It is magnificent to watch as I stared at the gentle eyes of the statue. It makes me want to hold on to my belief that all the goodness that I have known can exist in the world, irrespective of religion, race or creed of anyone.

Worshippers climbing up the ladder into the main hall

A glimpse of the Qamba hall

People walking to other halls

Lady with a portable prayer wheel

Going to the 10th Panchen Lama memorial hall

A signboard saying "The Great 10th Panchen Lama Gilded Stupa Memorial"

Stupa of the 10th Panchen Lama

The hall and stupa used 614 kg of gold, 275 kg of silver and more than 10,000 pieces of precious stones ammounting to over US$7.73 million. The walls are decorated with paintings about the Panchen Lama.

The stupa is adorned with precious metal and stones. At the top, the stupa is intricately crafted with designs of animals and mythical creatures.

It's unbelievable there is so much gold and treasures in this structure. Reminds me of the stupa of the 5th Dalai Lama which was much grander.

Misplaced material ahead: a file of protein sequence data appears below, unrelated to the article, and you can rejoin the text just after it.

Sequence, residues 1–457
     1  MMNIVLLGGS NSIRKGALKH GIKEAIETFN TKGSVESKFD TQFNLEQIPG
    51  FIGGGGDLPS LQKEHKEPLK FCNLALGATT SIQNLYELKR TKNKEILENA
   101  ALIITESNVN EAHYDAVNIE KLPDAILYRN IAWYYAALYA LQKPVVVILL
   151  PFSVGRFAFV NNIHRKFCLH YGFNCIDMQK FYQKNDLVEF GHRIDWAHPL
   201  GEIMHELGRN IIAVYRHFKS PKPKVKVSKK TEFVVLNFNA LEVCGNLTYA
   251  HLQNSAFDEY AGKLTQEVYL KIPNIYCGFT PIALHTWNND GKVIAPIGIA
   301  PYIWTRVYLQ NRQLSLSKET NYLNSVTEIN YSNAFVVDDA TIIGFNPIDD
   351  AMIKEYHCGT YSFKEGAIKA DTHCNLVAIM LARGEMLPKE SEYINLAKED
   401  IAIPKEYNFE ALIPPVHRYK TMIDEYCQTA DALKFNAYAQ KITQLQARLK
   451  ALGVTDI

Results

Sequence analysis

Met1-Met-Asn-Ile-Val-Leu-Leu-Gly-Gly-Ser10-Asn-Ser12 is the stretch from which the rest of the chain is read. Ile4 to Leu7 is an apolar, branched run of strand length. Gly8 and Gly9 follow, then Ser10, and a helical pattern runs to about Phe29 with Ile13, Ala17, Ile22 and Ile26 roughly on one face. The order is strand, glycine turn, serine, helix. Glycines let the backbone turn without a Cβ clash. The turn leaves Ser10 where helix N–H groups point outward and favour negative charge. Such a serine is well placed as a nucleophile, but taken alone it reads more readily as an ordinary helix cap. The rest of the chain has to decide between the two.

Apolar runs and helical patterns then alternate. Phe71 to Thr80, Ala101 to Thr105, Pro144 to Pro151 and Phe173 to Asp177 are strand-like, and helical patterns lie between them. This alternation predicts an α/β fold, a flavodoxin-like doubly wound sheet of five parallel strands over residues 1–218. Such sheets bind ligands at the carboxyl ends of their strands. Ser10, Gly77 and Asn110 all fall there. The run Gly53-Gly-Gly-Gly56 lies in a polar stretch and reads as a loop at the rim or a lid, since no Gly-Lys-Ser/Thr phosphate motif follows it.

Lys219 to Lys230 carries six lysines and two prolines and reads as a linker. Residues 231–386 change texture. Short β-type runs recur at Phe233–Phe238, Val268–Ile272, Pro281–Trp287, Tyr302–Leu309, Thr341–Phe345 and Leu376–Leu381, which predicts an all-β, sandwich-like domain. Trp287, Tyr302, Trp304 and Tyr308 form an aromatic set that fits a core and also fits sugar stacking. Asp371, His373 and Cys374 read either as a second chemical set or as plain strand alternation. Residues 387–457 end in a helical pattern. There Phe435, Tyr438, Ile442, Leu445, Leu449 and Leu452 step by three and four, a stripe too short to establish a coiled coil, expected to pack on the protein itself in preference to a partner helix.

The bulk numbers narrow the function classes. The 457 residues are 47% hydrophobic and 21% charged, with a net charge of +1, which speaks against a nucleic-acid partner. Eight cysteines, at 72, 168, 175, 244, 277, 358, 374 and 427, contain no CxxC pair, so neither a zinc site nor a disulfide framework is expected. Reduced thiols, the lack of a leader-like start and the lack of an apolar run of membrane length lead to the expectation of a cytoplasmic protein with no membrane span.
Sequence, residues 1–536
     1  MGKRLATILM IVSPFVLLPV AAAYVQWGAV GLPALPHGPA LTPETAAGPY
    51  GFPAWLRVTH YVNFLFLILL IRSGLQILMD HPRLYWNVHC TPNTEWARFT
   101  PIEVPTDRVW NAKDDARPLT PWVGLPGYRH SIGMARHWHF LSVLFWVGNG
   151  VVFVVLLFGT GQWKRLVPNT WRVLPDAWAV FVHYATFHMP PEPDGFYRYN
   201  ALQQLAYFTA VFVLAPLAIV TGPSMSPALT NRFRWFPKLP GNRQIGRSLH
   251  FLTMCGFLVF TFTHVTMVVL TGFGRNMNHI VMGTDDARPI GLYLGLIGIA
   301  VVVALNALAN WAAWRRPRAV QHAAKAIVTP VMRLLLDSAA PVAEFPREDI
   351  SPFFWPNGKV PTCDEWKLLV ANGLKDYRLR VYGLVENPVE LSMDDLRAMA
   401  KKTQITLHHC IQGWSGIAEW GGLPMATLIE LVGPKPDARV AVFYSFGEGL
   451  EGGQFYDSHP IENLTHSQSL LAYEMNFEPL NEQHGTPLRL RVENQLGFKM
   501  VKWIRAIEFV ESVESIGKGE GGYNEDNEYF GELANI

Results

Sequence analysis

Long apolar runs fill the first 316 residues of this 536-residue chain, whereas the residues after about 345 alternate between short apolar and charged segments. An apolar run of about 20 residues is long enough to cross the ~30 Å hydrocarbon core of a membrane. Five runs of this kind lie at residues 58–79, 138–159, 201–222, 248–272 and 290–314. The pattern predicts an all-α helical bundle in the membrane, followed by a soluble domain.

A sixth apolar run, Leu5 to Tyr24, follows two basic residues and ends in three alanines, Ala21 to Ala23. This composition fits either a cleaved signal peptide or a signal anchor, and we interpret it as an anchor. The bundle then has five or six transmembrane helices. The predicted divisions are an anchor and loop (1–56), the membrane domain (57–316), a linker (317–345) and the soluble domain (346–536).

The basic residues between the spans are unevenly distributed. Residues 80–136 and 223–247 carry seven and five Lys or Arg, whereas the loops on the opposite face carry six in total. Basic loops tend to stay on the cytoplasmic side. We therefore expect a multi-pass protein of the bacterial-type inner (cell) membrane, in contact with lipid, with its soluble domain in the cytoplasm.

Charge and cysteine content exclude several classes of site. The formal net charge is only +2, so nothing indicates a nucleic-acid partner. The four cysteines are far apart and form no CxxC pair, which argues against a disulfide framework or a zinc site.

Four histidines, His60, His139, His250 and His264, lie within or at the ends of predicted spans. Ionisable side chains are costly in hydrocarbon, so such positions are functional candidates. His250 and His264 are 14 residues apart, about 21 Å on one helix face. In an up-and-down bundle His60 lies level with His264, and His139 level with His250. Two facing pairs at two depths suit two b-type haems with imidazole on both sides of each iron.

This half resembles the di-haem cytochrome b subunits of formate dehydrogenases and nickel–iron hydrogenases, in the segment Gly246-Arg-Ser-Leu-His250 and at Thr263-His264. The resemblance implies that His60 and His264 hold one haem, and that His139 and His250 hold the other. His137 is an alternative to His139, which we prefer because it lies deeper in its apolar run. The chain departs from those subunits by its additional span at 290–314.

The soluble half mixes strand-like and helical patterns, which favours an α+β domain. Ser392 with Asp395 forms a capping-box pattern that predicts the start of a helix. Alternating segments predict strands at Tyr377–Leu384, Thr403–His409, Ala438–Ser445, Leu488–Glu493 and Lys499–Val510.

Beautifully painted ceiling and heavily decorated cloth pillars that hang from the ceiling

The walls in the 10th Panchen Lama is completely covered with paintings. Again, a small fee has to be given to take photos in these halls.

Paintings of animals and mytical creations on the walls of a passage into the hall

Alley in total darkness lit up by the camera flash lights

More steps and doorways to enter

Monk watering plants

Lady cleaning the monastery

Monastery building with many floors

In the courtyard, people are busying about cleaning

Entering into a memorial hall

Stupa of one of the Panchen Lamas

Money was stuffed around the urn

Buddhist offering stuff onto the urn from the yellow bag

Coins stuck on the door beams

On our way out, we saw a building with dirty walls

People coming and going along the alley

Some Tibetans doing paintwork on the walls

A door leading to a monastery quarter

The entrance gate from inside the monastery ground

At the compound in front of the monastery

Some men sitting in the shade

Prayer flags and kataks (white, thin, silk scarf) strung together into a mesh covering the mountain slope

Gate of the Tashi Lhunpo Monastery

A picture with both our guides

A massive fly in the coach! It's almost as big as those big yellow Brunei bees!

Lady selling altar offerings in yellow bags